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Tough on Crime: Penal Policy in England and Wales (From Crime, Punishment, and Politics in Comparative Perspective, P 425-470, 2007, Michael Tonry, ed. - See NCJ-241880)

NCJ Number
Tim Newburn
Date Published
46 pages
Trends in crime and penal policy in England and Wales are explored.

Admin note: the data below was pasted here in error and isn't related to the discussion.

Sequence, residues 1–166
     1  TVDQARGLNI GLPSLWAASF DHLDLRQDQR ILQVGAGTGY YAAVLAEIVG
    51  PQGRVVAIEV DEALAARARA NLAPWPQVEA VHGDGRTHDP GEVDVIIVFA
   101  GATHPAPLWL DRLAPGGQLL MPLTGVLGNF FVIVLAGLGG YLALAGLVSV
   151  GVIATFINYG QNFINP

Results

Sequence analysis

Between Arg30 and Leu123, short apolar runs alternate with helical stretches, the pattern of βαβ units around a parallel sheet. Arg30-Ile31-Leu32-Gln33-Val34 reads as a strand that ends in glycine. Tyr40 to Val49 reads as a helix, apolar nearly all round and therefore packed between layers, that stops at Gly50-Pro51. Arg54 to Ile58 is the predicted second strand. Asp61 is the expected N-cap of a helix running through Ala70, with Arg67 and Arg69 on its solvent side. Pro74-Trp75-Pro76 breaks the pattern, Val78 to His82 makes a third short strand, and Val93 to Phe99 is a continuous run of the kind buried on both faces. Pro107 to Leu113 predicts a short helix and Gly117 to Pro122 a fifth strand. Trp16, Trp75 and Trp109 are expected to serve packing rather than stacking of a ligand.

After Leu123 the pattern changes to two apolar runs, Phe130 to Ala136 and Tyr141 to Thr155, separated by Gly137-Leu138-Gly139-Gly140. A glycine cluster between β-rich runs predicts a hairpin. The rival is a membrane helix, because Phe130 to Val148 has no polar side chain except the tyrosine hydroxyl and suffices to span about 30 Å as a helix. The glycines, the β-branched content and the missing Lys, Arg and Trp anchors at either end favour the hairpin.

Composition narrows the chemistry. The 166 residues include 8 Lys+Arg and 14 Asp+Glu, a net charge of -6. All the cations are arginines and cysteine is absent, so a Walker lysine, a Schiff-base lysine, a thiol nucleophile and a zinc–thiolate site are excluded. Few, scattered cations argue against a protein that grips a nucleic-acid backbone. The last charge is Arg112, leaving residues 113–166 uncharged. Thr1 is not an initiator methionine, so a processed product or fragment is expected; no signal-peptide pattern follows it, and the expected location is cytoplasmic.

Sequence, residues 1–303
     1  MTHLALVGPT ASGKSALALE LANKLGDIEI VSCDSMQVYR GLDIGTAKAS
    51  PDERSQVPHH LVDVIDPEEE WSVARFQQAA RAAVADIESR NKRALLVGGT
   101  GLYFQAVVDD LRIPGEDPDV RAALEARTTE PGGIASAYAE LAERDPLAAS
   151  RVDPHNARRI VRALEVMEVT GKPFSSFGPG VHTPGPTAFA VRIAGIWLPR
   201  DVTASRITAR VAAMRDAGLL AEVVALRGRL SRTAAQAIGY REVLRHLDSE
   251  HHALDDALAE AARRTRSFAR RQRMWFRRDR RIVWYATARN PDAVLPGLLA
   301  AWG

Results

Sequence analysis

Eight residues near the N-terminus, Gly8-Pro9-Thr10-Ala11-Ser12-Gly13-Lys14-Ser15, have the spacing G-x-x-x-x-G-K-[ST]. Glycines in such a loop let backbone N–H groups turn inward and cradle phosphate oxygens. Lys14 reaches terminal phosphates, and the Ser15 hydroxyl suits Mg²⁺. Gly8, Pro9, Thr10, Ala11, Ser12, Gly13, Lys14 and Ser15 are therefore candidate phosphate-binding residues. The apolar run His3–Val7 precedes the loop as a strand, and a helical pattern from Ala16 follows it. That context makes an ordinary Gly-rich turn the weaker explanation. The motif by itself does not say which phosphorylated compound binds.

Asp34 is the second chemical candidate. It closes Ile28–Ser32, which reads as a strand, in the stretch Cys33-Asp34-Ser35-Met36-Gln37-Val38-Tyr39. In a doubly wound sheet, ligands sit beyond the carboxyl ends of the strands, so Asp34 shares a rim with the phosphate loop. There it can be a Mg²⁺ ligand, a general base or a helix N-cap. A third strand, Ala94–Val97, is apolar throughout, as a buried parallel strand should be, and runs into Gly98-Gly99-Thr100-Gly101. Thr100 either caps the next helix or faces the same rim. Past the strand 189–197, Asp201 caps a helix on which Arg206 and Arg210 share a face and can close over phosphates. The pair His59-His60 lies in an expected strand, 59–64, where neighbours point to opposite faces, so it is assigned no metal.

Over the past quarter century, crime and penal policy have come to occupy a central place in political and public debate. Declining faith in rehabilitation interventions has been accompanied by an increasingly harsh form of penal populism that emphasizes the general deterrent and incapacitation effects of imprisonment and has disparaged welfare-oriented approaches as being "soft on crime." One consequence is a significant increase in the use of imprisonment -- making England and Wales the highest incarcerator in Western Europe. Although the last decade has seen substantial drops in overall levels of crime, this is not reflected in public opinion, which continues to believe that crime and disorderliness are rising. The shift toward a more punitive and populist penal politics has been visible since the early to mid-1990s. From around 1993/94, both main political parties became joined in a contest to present themselves as tougher on law and order. This occurred just as crime was peaking and beginning its downward path. The consequence has been a proliferation of crime-oriented legislation, the broadening of the agenda to "antisocial behavior," and a rapid and sustained rise in the number of people incarcerated. (Published Abstract)